Her business card is utterly ordinary. No big titles. No hint of connections with the military and political elite. It lists her address, her phone number and her name in elegant script:
"Honorable Jill G. Kelley."
But the outsized portrait of herself that Kelley presents to the world will fit on no card. It's seen in her emails to Tampa Mayor Bob Buckhorn and others. She drops names. She mentions lunch at the White House in a casual aside, one of three visits she has made there in the last six weeks.
The top U.S. general in Afghanistan is calling from overseas to ask for her help. She spends the weekend with the CIA director whose resignation she would inadvertently help set in motion. And always the party invitations.
Retired Marine Gen. Anthony Zinni, former chief of U.S. Central Command at MacDill Air Force Base, said the tawdry sex scandal that Kelley helped trigger is as hard to understand as it is odd. How, he asks, did Kelley - a flamboyant South Tampa socialite - skirt the vetting normally insulating the nation's top generals?
"This is strange," Zinni said Friday. "To me, it's just so bizarre."
Zinni said he respects both ex-CIA director David Petraeus and Gen. John R. Allen, the four-star Marine leader whom the Pentagon is investigating for potentially inappropriate emails he sent to Kelley.
Allen served as deputy and acting commander at CentCom from 2008 to 2011. Petraeus, before becoming top U.S. commander in Afghanistan and then CIA director, headed CentCom before Allen.
Petraeus' affair with his biographer, Paula Broadwell, was uncovered after Kelley received what she perceived to be threatening emails that she reported to the FBI. Agents traced the emails to Broadwell.
In his day every social invitation and meeting with a civilian was examined by his staff to make sure it would not reflect poorly on the military, said Zinni, a Virginia resident who is now an outside director of the aerospace company BAE Systems.
Zinni said his staff judge advocate - an office providing legal support to a military commander - helped him navigate these sometimes perilous shoals.
Speaking of Kelley's socializing with MacDill brass, Zinni said, "That's something my staff judge advocate would have been on in a heartbeat."
Kelley was anything but subtle about her connections.
"I'm up in DC having dinner tonight with Gen Petraeus & Gen John Allen," Kelley says in one 2012 email to Buckhorn.
After radio shock jock Bubba the Love Sponge threatened to "deep fat fry" the Koran earlier this year, Kelley told Buckhorn that Allen and Petraeus were seeking her help to get word to Bubba that doing so would endanger lives.
"Gen Allen will be calling me from Afghanistan at 1pm on this - and our next step," Kelley told Buckhorn in a March 7 email.
In recent days, Kelley complained about the constant presence of reporters and photographers outside her house as the scandal broke. She told Buckhorn she was upset that "your police department" released 911 calls she made to Tampa police.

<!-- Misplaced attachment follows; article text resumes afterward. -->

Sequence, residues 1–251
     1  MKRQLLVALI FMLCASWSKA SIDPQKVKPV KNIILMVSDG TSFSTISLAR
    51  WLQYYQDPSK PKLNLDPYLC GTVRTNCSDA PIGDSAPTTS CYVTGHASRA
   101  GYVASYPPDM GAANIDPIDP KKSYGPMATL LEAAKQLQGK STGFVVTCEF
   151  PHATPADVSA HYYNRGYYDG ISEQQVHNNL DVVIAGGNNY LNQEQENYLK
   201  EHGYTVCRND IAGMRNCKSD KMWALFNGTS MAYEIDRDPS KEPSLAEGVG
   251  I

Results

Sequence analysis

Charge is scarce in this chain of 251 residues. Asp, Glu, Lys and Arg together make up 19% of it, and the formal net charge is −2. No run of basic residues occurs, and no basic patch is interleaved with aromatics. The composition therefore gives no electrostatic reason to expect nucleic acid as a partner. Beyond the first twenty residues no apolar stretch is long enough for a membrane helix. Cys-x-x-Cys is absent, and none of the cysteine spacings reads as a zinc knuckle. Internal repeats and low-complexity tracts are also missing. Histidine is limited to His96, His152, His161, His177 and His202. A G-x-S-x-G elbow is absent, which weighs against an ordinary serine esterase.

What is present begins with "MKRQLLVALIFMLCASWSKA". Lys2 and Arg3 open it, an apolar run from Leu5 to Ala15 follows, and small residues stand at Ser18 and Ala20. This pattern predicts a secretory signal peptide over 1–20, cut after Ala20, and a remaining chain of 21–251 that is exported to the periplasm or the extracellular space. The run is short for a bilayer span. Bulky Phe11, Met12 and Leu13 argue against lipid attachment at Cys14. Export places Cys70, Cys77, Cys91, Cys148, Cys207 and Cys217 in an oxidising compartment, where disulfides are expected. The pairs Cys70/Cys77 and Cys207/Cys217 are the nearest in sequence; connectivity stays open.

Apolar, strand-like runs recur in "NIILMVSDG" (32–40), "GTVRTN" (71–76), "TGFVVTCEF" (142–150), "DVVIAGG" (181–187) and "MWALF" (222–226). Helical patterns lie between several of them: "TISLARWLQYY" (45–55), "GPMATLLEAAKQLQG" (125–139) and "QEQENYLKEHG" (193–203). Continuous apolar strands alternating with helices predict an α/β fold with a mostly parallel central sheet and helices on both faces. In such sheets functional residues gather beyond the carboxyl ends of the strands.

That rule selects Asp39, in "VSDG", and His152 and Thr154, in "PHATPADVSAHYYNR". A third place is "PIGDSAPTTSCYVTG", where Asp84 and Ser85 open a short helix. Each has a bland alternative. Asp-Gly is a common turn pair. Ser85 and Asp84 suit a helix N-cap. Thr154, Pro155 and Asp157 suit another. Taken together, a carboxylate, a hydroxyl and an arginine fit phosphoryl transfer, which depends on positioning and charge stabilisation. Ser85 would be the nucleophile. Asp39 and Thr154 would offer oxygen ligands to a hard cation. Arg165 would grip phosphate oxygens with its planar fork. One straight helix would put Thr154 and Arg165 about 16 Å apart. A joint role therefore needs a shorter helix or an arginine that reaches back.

But the 911 tapes were a public record.
"This is a situation of her own making," Buckhorn said Friday. "We're all just bystanders."
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Her timing was spectacular.
On Nov. 4, two days before the presidential election and five days before Petraeus visited President Barack Obama at the White House to offer his resignation, Kelley, her twin sister Natalie Khawam, their children and Dr. Scott Kelley went on a tour of the White House.
On Oct. 24, the sisters had lunch in the White House Mess with a White House staffer. That followed a Sept. 28 breakfast between the same three people.
The White House declined to name the staffer, saying his identity would become public in a few months when visitor logs are posted. But an official said the staffer had gotten to know Jill Kelley through connections to MacDill.
The man worked as a civilian lawyer in Afghanistan and got to know military personnel, who invited him to MacDill, where he met Kelley. He now works as a lawyer in the White House.
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Zinni didn't have much spare time when he commanded CentCom more than a decade ago. He actually tallied it up when he left the combatant command.
"I was gone more than 70 percent of the time," Zinni said. "And of course I didn't have the same crisis situations CentCom's been dealing with for the last 12 years."
So when Zinni heard news reports that Allen exchanged hundreds, perhaps even thousands of emails with Kelley, he was amazed.
"I don't know where the time came to do all of that," said Zinni, noting that he thinks Allen is one of the military's finest commanders. "It's a full-time job."
He said his biggest concern is that the sex scandal will harm the military's reputation. "It chips away at respect," Zinni said.
Zinni said civilians who love the military often try to get too close and, even though they may have good intentions, they can cause difficulties.
"Sometimes it's hard for them to understand that what they're doing might be inappropriate," he said.
Acknowledging that some of the more aggressive civilians sometimes act like groupies at a Rolling Stones concert, Zinni said with a laugh, "It never happened to me."
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Kelley didn't limit her interaction with military personnel to her lavish Bayshore Boulevard home. In October 2010, Kelley jumped out of an airplane with a bunch of commandos.
It was a tandem skydive with a U.S. Special Operations Command's Para Commando parachute team. It's a thrill sometimes offered to select civilians. Miss Florida did it once. No word on where the jump took place. But SOCom, like CentCom, is headquartered at MacDill.
Kelley landed safely.
Times staff writers Alexandra Zayas, Richard Danielson and Robbyn Mitchell contributed to this report.